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This is a case involving the Home Affordable Modification Program ("HAMP"). The action was brought in Massachusetts state court, but removed to federal court by Wells Fargo on the basis of diversity. The plaintiff sought monetary and injunctive relief on various grounds: Breach of contract (two counts), breach of implied covenant of good faith and fair dealing, negligent and intentional infliction of emotional distress, and a claim under the Massachusetts Unfair Debt Collection Practices Act as well as a stay of the foreclosure action. The U.S. District Court dismissed the case, and plaintiff appealed. The First Circuit Court of Appeals affirmed the dismissal with regard to the to one of the two counts for breach of contract as duplicative, the breach of implied covenant and the emotional distress claims, but vacated the dismissal with regard to the other claims, remanding to the remaining claims for breach of contract, UDCPA and stay of the foreclosure to the district court.

The Court of Appeals noted that while the remaining breach of contract claim was badly pled, that: "[T]he complaint's allegations indicate that defendants breached the contract by failing to provide a permanent modification agreement by the modification effective date, [the plaintiff] has done enough to survive a motion to dismiss."

Editors Notes: From reading the case the bank may have perceived its role as managing an internal workout program instead of being a participant in a federal program. Young's complaint includes a series of miscommunications or misunderstandings which lead to this protracted legal suit.

It started in August 2008 when a $2,600 payment to bring the account current was sent. Shortly thereafter, a notice was posted on her door stating that she was late on her mortgage payment, but instructing her to ignore the notice if she had already made the payments. When Young called Wells Fargo she was told that her payment had been received, but the bank would not process her check and intended to foreclosure. This contradicts the notice. Young then agreed to send an additional payment of $5,628 and Wells Fargo promised to send a forbearance agreement to her. Young was told several weeks later there was no agreement and because Wells Fargo had not processed the $2,600 check she was still past due. A supervisor agreed that had the bank applied that check, the loan would be current. Eventually the forbearance agreement was sent, but the monthly payment was then disclosed to be $800 higher. To try and save her home, Young agreed to the terms but could not make the payments.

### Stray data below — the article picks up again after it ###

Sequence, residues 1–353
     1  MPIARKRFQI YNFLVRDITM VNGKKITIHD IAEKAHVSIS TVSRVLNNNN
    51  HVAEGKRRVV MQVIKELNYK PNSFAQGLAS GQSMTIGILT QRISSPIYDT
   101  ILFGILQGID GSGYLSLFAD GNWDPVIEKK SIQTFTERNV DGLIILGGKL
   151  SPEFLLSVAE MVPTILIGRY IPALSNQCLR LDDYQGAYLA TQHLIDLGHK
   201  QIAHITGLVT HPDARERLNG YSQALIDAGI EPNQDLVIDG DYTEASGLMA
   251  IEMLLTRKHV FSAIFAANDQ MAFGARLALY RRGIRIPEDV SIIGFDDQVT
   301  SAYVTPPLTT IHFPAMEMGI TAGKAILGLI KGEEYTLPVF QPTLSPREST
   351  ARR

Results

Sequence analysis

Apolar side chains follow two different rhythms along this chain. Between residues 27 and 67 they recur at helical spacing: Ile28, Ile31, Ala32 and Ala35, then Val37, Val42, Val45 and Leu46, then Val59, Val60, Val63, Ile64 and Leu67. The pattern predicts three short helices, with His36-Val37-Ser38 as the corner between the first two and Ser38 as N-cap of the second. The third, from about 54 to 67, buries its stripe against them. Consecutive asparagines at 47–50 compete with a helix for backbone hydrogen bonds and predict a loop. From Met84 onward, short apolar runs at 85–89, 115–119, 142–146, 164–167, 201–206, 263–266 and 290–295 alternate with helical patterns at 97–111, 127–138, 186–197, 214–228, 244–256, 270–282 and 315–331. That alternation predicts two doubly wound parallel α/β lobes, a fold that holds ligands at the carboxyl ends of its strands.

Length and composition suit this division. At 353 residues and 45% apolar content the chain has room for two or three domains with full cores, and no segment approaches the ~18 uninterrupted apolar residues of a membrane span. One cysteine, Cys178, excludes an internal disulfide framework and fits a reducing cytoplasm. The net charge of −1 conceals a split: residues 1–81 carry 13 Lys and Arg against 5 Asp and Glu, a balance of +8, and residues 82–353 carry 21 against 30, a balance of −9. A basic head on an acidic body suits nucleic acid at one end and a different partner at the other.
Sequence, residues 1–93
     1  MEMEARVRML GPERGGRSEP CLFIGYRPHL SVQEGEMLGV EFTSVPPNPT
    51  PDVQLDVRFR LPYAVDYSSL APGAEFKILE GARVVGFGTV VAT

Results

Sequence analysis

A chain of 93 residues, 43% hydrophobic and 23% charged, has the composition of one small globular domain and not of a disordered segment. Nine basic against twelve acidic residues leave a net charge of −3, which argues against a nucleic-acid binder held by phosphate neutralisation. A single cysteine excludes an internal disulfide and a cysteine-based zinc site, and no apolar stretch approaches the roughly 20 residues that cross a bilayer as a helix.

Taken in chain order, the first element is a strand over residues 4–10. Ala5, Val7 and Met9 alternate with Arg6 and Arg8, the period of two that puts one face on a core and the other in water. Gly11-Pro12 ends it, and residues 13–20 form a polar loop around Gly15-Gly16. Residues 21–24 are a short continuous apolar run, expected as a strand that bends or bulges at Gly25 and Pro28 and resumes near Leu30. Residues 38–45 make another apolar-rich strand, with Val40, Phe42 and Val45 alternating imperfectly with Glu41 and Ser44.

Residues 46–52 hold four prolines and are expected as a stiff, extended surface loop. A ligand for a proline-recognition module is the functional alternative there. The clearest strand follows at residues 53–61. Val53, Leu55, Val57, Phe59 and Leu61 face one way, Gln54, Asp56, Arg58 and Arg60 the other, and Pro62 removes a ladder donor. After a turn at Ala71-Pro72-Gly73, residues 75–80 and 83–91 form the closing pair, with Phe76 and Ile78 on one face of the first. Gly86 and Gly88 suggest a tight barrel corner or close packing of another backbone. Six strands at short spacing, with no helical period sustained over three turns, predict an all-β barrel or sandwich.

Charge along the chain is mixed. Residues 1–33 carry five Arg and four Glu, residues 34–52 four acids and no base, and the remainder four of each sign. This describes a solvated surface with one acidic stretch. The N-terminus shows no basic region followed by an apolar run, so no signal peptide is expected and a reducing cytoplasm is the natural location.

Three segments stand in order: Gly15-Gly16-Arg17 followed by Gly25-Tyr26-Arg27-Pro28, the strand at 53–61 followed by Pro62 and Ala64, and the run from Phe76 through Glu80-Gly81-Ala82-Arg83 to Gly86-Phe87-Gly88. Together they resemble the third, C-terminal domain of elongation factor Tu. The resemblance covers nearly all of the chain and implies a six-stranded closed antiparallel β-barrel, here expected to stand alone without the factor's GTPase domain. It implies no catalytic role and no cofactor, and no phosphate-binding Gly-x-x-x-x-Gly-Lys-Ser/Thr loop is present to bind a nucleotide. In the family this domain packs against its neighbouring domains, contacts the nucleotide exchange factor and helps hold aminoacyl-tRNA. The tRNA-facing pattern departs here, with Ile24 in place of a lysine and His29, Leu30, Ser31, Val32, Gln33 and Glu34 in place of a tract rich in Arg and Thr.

Young was then qualified for HAMP and was sent a Trial Period Plan (TPP) packet with three payment coupons for her first three monthly payments. She was to make three payments of $1,368 from November to January to qualify for a permanent loan modification. The three payments were made, but Wells Fargo said they were not timely as required by the agreement and refused the final modification. Young's attorney called and was told that letter was in error and to ignore it. Permanent modification papers would be sent. It was June when the modification papers were actually received and the payment was $300 more than the trial period payment amounts. These were not signed by Young and foreclosure proceeds commenced.

Disputes over the agreement include the fact that the permanent payment was increased over the trial period payment. What was the purpose of the trial period if it was not to determine that Young could make then consistently? Also, after the trial period, why was a permanent modification not done, as Young believed it would be?

Actually, the TPP agreement does state that it is not a modification and that the payment is an estimate. A problem here is that these terms were not discussed with Young and she did not understand what the outcome would be. This continued confusion between the lender and the borrower contributed to the expense of this case. As to the timeliness of modification, the court documents also state that "Defendants respond that we are precluded from considering this argument on appeal because the complaint does not plead a theory of breach based on a failure to tender a permanent modification by a certain date. They are wrong. The complaint states numerous facts related to Wells Fargo's repeated mistakes and delays in offering her a permanent modification, including that the end of the trial period passed without the proffer of a permanent modification agreement."

In the end, the bank failed to explain what was happening to the borrower and to walk the borrower through the steps. The bank failed to process payments timely, to understand its own procedures by making demands and retracting them and the borrower (who the law is intended to protect) did not have a firm grasp on the agreements that were being made. Perhaps the latter was due to the stress of the situation and financial ignorance toward the agreement in general. Had the collections efforts been explained and understood by both parties, years of litigation expenses could have been avoided.

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